Twenty years ago today, on a sunny Tuesday morning in September, I was leaving my apartment in Brooklyn, heading to my office at 26th and Park Ave South, in Midtown Manhattan.
I was lucky. I worked relatively uptown. I didn’t see anyone jump. I didn’t know anyone in the towers. Others were less lucky. We watched the various layers of fear, loss, and grief slowly grip the city: fighter jets circling for days, the plume of ash falling over Prospect Park, people sitting on benches sobbing. Pleas for information on missing people appeared on nearly every vertical surface in town, culminating at the Armory near my office on Park Ave. Over time these notices transformed into memorials as the grim realisation set in that these people would never come home. I remember constant sirens, kids raising money for dead firefighters, flowers on doorsteps, benches, places of worship, and the repeated image of the plane hitting the south tower in an eruption of concrete, glass and fire, over and over and over again.
In the days immediately following the attacks, my girlfriend reached out to our friends and loved ones to collect their stories.
Below is my unedited story which I wrote 20 years ago. Please forgive the melodramic rambling writing of my traumatised 20-something self. I share it today, not for sympathy, or spectacle, but simply to reflect an experience that I believe many have shared and may still be processing. I hope it may help others to find peace with this tragic event that continues to reverberate around the word.
Try as I might, to get to work on time, at 9:00 I never seem to make it. Usually I end up leaving my apartment around 8:30 or 8:40. Being a tremendous geek, I wrote a program a few weeks ago to send a haiku to my cellphone every morning at 8:50am. My morning commute takes me over the Manhattan bridge on the Q train. I had made a little game of trying to get below ground before my haiku arrived so that I would receive it on the bridge. This has helped me get to work a little earlier lately.
Tuesday morning was going according to schedule. I dropped Liz off at the gym and raced into the station to make my 8:50 underground deadline. The Q train was leaving as I ran down into the station and as I began grumbling to myself about having to wait for the next train, the first announcement came over the loudspeakers: “Due to an incident at the World Trade Center, there is no N or R service to Cortland Street at this time.” … “Bummer”, I thought. “Good thing I’m not going to Cortland Street.” The next train arrived and everyone piled into it.
As usual, there were delays between DeKalb Avenue and the Manhattan bridge since the Q and the W merge onto the same track at that point. As we were sitting in the tunnel the conductor made an announcement: “Ladies and gentlemen, due to congestion on the Broadway line, we have red signals in front of us. We should be moving shortly.” This happens all the time. Nobody seemed to take any notice. And soon enough, we were moving - still underground. As we got closer to the bridge, we stopped again. Another announcement: “Ladies and gentlemen, due to (pause) a plane crash at the World Trade Center…” I can’t remember the rest of the announcement. Everybody stopped listening at that point. I tried to imagine the best: perhaps a plane clipped the side of one of the towers and went down in the river somewhere. I expected to gawk and see nothing. Briefly I imagined what it would look like seeing flames rising out of the twin towers. “Yeah, right…” I thought. “As if that could ever happen… I went back to reading my book. An English translation of the Bhagavad Gita. As the train pulled out of the tunnel and onto the bridge a few people started looking out the windows. Within seconds everyone on the train was gasping and pressed to the glass. I was on the north side of the train. The towers are (were) tall enough that I couldn’t see much from where I was standing. I had to crouch down to see the tops of the twin towers.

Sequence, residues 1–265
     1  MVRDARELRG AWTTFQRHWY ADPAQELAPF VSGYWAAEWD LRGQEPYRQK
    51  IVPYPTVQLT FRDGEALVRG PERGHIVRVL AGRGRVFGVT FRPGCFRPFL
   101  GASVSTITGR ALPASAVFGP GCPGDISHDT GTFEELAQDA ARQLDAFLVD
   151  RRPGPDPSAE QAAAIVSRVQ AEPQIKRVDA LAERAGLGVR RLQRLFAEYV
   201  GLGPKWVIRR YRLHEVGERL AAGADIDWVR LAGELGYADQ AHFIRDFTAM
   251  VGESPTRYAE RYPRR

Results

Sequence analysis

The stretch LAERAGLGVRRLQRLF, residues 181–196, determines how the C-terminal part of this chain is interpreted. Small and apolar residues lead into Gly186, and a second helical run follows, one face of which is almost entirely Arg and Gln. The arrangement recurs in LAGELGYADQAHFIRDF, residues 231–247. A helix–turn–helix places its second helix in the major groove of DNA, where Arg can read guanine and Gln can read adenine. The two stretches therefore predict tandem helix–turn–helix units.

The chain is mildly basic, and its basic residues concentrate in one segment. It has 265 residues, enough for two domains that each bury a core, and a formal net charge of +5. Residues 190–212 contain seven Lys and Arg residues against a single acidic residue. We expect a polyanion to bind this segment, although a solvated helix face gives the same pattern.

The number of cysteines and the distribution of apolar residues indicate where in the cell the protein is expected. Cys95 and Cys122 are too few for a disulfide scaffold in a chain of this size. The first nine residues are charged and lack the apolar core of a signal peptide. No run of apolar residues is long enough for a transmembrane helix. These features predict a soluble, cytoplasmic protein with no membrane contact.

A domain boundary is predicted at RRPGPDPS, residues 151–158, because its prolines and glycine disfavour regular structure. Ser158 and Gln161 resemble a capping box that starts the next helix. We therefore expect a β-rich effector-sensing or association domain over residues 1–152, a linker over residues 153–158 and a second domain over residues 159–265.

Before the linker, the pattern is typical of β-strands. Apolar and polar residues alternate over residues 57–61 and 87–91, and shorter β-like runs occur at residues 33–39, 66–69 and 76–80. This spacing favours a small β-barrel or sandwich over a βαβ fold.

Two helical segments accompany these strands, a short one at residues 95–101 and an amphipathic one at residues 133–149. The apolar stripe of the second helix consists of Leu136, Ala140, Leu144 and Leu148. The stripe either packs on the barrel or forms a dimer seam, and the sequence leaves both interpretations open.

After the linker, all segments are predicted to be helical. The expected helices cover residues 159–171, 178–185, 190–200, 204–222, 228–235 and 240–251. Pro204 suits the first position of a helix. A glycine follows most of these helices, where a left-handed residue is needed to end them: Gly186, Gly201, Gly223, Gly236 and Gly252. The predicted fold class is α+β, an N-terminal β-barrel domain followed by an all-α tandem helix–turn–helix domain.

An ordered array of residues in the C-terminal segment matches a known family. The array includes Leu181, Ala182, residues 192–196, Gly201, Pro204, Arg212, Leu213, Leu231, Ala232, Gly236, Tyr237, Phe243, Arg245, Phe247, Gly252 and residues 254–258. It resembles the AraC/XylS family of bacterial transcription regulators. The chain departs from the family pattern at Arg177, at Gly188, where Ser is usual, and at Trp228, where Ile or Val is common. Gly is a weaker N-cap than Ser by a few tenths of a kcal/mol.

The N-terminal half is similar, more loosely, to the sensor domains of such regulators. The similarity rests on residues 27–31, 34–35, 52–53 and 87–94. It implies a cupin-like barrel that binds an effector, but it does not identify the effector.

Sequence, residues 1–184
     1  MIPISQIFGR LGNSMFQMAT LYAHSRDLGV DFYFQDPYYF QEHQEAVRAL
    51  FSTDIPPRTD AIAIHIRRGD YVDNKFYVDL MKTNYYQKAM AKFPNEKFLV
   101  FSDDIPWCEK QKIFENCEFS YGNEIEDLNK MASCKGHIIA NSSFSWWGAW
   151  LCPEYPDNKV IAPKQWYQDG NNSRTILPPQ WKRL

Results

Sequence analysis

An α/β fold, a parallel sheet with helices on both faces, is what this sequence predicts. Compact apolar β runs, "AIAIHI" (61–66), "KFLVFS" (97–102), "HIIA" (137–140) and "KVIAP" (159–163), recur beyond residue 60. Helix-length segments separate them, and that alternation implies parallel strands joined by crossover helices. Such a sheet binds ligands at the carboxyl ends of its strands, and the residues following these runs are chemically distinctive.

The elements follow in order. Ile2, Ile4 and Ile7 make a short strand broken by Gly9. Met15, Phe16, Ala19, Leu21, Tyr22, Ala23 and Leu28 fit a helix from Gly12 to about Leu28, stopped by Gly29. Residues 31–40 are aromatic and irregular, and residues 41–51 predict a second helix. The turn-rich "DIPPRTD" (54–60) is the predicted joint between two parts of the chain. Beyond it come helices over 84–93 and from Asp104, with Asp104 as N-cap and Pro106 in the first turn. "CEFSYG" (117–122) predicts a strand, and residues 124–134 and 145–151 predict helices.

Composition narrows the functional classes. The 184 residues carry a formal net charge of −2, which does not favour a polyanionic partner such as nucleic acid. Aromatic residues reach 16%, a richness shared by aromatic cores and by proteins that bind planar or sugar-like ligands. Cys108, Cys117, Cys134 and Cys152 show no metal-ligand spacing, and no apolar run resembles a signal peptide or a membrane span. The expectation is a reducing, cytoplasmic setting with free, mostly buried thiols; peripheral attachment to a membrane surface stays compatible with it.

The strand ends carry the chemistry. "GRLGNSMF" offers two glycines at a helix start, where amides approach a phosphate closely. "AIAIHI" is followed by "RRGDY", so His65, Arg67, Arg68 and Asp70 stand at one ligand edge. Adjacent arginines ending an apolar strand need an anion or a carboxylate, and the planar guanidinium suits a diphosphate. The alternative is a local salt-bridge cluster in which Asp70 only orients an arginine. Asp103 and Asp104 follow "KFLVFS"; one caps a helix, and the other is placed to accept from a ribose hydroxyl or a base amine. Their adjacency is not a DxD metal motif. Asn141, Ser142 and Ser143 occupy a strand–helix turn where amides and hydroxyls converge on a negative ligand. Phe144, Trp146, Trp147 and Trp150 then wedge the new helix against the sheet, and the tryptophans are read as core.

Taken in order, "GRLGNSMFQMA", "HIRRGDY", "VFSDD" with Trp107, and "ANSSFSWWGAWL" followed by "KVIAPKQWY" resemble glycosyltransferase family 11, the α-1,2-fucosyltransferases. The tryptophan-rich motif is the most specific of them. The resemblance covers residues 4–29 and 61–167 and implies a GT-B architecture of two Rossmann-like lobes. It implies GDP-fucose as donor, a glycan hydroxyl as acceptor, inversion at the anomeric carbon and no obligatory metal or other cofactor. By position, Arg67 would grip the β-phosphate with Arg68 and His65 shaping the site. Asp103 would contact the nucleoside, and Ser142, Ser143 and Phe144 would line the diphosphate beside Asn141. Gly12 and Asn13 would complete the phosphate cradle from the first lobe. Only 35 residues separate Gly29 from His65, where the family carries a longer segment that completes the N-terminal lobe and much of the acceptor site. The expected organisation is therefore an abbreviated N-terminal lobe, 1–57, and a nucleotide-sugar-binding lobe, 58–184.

What I saw caught me completely off guard. It was the most real and penetrating vision I have ever seen. A huge flaming black void in the north tower with thick black smoke pouring out and, what looked like, a huge smoking flaming gash in the south tower. More smoke than I ever imagined could come from a building. I wished for it to be a movie or something on television or like the images in my head a moment before. I wanted to change the channel, to look away, but it kept being there. I kept looking. “What a horrible, absurd accident”, I thought.